Retirement Plan Participants Should Embrace Electronic Communications
Retirement plan participants have a distinct preference as to how they receive plan communications — in print or electronically — depending on their age, gender, employment status and household assets. However, the cost savings and a few other benefits make the case for plan sponsors and record keepers to persuade retirement plan participants to embrace electronic communications.
In October 2019, the Department of Labor proposed a rule that would allow ERISA retirement plan participant disclosures to be posted online rather than having to be mailed. The idea was to lower the costs to employers of printing and mailing retirement plan participant statements and other disclosure notices. It was also designed to make them more easily accessible and useful for the approximately 60 million American employees who participate in a workplace retirement plan.
Eliminating the materials, printing and mailing costs of providing printed retirement plan participant disclosures would supposedly save a projected $2.4 billion over the next 10 years, per the DOL. However, while the cost savings are admirable, it doesn’t seem to phase retirement plan participants much. An article in Insurancenewsnet, a premier source for insurance and financial professionals, recently cited a study of retirement plan participants from The Secure Retirement Institute (formerly LIMRA SRITM). The survey was conducted to determine how retirement plan participants preferred to receive their retirement plan information. According to Insurancenewsnet, the researchers wanted to know: “Given recent advances in technology and greater access to the internet, is there greater interest in receiving all communications associated with retirement plans electronically?”
The results are in, and it appears there is no consensus among retirement plan participants on whether they prefer to receive plan communications in print vs. electronically. Around 40% of retirement plan participants say they prefer to receive communications from their retirement plan providers electronically, via email or an online portal. However, about 25% of retirement plan participants would rather receive paper copies, and 32% say they want to get retirement plan communications both electronically and in hard copy.
Record keeping is retirement plan participants’ primary reason for voicing a preference for paper communications (61%). Around 34% of retirement plan participants say they prefer paper communications because they’re easier to read. In addition, retirement plan participants say they are more likely to read their statements when they receive them in paper form. Three out of 10 retirement plan participants cited security as a positive for paper communications. Millennials and Gen Z retirement plan participants were most likely to prefer paper, as they say they believe electronic communication puts the security of their information at greater risk.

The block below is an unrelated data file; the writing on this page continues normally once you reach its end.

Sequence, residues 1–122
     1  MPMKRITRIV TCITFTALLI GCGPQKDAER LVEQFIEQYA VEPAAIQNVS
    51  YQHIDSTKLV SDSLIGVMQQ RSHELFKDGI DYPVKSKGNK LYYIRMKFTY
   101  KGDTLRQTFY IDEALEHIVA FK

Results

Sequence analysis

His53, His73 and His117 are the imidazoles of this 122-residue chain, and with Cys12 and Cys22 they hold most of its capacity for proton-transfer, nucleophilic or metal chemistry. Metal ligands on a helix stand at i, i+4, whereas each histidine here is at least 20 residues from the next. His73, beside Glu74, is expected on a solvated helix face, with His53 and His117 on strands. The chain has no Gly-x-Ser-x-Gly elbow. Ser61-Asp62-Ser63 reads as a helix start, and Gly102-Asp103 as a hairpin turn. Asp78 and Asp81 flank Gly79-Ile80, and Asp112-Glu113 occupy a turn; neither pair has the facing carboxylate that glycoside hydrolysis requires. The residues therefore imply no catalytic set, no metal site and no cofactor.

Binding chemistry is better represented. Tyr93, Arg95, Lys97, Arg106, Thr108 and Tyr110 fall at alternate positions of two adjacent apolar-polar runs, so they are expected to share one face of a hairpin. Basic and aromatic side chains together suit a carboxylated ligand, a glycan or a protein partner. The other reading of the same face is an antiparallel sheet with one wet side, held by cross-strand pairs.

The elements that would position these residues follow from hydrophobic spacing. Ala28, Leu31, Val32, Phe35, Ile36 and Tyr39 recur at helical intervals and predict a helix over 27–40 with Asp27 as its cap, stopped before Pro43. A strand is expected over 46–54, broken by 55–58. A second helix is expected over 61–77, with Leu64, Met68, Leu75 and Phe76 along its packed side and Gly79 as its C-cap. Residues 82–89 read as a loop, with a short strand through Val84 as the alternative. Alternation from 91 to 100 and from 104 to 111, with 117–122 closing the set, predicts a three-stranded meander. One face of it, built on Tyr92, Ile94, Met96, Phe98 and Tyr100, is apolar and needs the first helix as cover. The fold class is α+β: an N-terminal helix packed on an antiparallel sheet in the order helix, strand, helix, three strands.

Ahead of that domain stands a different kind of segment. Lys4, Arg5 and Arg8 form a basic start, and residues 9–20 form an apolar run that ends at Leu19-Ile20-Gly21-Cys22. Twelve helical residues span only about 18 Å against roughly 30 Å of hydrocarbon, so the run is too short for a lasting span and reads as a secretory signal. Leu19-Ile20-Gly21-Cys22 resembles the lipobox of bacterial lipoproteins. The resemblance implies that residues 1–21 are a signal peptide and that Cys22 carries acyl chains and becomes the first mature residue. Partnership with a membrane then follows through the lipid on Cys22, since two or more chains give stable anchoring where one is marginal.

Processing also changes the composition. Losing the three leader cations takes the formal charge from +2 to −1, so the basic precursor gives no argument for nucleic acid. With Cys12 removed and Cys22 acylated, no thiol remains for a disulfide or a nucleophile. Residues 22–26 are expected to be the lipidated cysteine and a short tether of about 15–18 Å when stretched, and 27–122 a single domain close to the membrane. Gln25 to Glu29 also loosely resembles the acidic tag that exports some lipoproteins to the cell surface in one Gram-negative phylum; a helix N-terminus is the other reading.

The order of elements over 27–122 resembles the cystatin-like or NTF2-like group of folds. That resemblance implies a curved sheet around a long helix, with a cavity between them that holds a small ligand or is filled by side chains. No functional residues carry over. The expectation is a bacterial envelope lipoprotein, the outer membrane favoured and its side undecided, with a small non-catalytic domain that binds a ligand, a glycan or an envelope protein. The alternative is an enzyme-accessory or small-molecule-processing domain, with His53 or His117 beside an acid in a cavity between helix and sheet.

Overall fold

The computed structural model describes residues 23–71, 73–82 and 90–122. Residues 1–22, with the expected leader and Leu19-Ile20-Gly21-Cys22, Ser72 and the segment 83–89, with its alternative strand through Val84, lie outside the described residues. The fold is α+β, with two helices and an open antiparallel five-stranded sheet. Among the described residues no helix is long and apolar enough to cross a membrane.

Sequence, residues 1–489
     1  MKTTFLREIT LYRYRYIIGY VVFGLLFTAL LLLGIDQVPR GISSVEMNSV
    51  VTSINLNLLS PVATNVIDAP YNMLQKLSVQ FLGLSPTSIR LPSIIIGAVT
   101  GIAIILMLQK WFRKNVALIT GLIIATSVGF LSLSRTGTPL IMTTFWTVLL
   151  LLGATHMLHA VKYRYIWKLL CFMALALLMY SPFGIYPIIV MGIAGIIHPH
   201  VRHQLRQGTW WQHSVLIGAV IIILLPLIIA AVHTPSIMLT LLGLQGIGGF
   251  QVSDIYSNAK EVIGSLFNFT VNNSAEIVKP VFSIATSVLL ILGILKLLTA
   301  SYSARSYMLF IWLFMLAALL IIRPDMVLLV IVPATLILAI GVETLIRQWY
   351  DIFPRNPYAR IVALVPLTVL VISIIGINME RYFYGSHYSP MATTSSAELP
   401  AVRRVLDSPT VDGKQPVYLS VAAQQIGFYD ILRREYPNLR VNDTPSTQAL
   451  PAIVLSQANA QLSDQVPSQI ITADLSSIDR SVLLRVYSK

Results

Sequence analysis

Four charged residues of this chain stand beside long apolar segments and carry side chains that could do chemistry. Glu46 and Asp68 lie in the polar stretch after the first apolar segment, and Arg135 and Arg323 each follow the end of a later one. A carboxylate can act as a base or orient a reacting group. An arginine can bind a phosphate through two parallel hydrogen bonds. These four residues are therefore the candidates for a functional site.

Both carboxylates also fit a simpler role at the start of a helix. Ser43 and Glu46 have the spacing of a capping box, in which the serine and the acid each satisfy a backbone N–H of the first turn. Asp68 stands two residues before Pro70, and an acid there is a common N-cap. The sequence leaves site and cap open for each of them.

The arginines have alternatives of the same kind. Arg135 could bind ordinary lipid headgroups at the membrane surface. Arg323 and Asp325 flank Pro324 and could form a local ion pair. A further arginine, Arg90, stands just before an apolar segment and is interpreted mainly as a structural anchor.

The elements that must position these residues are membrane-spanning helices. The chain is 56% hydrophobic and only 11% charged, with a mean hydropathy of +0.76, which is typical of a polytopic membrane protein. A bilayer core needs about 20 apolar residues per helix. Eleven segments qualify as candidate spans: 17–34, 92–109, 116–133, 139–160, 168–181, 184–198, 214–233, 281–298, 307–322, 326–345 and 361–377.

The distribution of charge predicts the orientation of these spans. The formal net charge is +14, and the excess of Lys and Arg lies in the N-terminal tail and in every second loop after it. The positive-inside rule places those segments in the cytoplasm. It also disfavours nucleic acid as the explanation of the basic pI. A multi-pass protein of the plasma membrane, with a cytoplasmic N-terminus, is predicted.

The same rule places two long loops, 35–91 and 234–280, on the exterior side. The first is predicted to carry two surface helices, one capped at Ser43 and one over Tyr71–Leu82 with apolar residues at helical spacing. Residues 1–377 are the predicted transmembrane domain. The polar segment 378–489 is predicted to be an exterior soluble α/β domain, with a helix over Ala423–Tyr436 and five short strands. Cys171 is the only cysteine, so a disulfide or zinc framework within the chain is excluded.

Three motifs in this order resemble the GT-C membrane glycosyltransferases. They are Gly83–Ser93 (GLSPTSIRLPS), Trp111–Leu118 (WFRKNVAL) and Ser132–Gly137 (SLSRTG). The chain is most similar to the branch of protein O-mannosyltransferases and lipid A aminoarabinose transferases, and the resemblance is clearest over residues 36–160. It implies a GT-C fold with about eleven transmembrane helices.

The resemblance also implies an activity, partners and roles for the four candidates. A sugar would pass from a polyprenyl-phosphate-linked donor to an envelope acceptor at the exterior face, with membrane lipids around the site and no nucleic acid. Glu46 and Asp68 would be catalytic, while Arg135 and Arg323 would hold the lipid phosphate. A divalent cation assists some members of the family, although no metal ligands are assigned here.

Of the retirement plan participants who prefer electronic communications, more than half (54%) say they like the convenience of being able to access their information anywhere. Interestingly, older retirement plan participants were more likely to say they preferred electronic communication (54% of Gen Xers and 68% of Baby Boomers cited this reason vs. 42% of Gen Z and Millennials).
Nearly half (47%) of retirement plan participants say electronic communications make recordkeeping easier, and 45% like it because it’s more environmentally friendly. The positive environmental impact was of particular import to women, those with more than $100,000 in household assets and those who are currently working and not retired.
The cost savings provide an incentive for plan sponsors and record keepers to persuade retirement plan participants to embrace electronic retirement plan communications, Insurancenewsnet noted. In addition, The Secure Retirement Institute study found that six in 10 retirement plan participants who currently receive paper communications would switch to electronic communications if they were given access to them via a secure portal.
According to Insurancenewsnet, the survey findings “suggest promoting the security, easy access and record keeping as well as environmentally friendly aspects of electronic communications can help persuade retirement plan participants to switch to electronic communications.” These arguments are a good place to start for plan sponsors and record keepers who want to convince retirement plan participants to switch to electronic communications.
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